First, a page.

Hot Topics: Apartment Overrun by Flies

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Original Post: Apartment being overrun by small flies Please help!

Gary Ambrose Member

Hi everyone, long time member but possibly my first time posting. I was wondering if anyone can identify the fly I have posted a picture of. They are small. At first, I assumed they were fruit flies because of how small they were, but now I'm not sure. I don't think they are drain flies because I have never seen any come out of any of our drains. To me, they almost look like regular houseflies, only a lot smaller. The problem started a while back but it was not many so we weren't too concerned about it. We just killed them when we could. The numbers have grown greatly so it appears they are breeding, and it seems when the weather recently got warmer the population really exploded quickly. When it first started they were hanging out mostly in the kitchen and bathroom but now they are in every room throughout the house. I have taken to vacuuming them up several times a day but no matter how many I vacuum, there are always more. We are trying to avoid calling in a pest control expert because it is an expense we don't need right now. I have no idea where they could possibly be breeding. I figured the first step was to identify what type of fly they really are and then if anyone has any suggestions on how to deal with the problem, I would be eternally grateful! Thanks in advance.

Just wanted to post some additional information on their behavior, which doesn't match what I have learned about fruit flies in the research I have done. First, we almost NEVER have fruit in the house, and if we do it's in the refrigerator. The thing is they seem to hang out in areas where there is no food at all. They are just chilling on the bedroom wall. I know they are eating something, but I never see them eating, and we make every effort not to leave stuff out for them to eat.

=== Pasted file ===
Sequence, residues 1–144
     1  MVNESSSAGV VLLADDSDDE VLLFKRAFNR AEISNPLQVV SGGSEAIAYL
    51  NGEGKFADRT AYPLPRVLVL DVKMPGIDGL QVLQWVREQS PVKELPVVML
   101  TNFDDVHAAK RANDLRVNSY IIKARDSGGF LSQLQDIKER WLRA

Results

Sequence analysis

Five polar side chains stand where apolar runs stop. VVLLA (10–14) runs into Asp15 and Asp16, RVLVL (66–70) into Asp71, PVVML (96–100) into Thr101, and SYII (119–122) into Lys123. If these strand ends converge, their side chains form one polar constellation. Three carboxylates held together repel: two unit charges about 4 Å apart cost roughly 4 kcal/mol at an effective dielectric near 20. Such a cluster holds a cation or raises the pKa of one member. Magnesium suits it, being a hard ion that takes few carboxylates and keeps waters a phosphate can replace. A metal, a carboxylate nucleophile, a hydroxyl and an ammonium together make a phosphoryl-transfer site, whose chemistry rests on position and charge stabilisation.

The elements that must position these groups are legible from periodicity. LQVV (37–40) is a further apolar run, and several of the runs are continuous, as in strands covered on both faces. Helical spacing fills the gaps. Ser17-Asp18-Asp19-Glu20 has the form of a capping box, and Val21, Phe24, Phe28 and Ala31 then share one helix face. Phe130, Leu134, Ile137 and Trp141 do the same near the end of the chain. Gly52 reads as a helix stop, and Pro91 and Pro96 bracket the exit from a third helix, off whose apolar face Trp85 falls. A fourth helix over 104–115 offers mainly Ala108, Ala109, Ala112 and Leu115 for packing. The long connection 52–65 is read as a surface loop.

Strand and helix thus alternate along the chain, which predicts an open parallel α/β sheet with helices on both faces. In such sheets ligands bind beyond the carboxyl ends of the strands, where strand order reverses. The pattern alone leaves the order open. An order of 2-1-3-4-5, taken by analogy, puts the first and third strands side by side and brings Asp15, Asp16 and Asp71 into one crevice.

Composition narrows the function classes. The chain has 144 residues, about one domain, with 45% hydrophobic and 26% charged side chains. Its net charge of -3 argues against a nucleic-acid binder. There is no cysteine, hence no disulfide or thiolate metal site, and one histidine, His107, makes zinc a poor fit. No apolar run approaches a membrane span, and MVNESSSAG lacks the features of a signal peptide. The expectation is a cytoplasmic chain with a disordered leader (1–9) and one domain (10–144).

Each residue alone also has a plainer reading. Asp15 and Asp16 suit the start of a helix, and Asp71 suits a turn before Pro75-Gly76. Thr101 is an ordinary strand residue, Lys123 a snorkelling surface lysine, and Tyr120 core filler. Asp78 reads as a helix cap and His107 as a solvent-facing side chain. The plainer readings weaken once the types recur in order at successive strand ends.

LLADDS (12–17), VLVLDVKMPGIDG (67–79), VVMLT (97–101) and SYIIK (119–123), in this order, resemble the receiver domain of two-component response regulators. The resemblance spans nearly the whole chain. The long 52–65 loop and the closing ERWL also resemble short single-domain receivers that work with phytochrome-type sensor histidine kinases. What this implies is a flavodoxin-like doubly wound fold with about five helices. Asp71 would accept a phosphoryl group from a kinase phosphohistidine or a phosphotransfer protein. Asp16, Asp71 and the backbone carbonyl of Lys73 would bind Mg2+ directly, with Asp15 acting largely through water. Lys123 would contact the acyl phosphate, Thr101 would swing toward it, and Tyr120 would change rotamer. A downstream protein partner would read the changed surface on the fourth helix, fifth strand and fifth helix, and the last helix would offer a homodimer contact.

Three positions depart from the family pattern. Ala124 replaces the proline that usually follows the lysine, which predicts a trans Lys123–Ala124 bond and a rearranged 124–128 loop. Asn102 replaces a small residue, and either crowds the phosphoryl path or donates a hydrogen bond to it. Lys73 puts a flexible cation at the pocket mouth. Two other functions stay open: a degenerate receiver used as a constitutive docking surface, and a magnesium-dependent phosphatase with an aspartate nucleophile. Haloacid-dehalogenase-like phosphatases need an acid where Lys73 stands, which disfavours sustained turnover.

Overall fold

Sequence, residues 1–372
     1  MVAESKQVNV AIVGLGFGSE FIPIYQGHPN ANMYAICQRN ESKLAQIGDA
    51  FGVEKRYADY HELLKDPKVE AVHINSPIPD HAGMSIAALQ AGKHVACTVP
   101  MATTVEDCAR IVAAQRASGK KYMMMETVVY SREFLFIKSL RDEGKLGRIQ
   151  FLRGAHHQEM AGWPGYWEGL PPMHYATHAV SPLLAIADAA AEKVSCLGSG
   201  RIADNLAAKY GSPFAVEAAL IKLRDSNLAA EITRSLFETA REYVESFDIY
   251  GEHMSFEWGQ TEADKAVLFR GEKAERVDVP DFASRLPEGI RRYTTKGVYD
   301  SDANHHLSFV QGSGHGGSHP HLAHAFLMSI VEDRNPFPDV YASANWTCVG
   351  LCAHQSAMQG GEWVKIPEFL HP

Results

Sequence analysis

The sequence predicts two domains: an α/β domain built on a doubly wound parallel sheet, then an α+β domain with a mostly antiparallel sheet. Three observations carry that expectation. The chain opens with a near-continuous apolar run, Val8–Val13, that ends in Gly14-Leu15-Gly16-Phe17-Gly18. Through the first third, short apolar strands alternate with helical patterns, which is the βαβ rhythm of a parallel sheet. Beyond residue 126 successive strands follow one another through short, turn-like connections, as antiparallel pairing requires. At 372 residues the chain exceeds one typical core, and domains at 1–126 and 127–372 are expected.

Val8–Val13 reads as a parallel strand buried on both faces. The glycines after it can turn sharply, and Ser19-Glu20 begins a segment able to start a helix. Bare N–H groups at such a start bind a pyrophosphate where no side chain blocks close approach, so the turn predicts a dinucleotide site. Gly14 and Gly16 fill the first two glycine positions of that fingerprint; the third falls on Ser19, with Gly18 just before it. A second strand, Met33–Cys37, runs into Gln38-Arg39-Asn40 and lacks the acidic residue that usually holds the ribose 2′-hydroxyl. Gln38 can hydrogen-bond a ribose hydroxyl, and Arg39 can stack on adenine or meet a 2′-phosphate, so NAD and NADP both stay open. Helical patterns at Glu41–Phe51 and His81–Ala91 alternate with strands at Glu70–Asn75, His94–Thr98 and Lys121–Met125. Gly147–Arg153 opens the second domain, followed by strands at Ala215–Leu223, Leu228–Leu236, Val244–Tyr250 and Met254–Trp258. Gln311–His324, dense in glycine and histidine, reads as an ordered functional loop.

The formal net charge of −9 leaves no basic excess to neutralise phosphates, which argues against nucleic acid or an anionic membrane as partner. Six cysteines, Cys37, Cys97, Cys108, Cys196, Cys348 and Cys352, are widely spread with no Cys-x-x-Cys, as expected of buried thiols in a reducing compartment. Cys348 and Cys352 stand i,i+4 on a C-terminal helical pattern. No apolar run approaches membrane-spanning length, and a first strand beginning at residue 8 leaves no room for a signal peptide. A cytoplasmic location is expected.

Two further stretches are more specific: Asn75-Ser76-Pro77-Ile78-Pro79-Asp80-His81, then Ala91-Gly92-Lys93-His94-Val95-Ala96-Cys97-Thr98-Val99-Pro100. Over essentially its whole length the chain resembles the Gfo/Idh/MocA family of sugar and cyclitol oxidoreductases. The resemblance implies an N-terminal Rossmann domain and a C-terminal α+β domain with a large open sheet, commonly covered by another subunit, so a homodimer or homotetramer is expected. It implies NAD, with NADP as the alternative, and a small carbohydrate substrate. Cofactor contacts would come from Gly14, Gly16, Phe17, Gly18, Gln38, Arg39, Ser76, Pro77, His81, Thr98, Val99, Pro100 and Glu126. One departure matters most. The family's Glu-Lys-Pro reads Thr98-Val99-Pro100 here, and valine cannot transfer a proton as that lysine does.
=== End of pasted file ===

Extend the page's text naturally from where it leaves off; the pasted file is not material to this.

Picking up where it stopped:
A small fly in an apartment

PAbugman Forum Topic Moderator

Identifying flies from photos is difficult as close-up with details is required. I can see enough to know that I probably can't ID it anyway, as it's not one that I've commonly dealt with. You are very correct that proper ID of flies is paramount in order to control. Any reputable pest control company that you might call would have to ID them first. There often is not a pesticide solution to fly problems as when we find out what they are, that will lead us to where they are breeding and why.

Can you catch several specimens and take them, dead but not squashed, to your local county agricultural extension agent? Don't know what state you are in, but here in PA it would be the Penn State county extension office. They are usually run by a university. They are a good source of objective info — no sales job.

Keep us posted with what you find. I'm curious.

Gary Ambrose Member

Thanks for your reply. It looks like the local agricultural extension here in New York state is run by Cornell. I'll give them a call and ask if they have an insect expert that I can bring some dead flies to for them to identify. Hopefully they can. Thanks, I appreciate the suggestion. I hope I can figure out what these buggers are and get rid of them soon.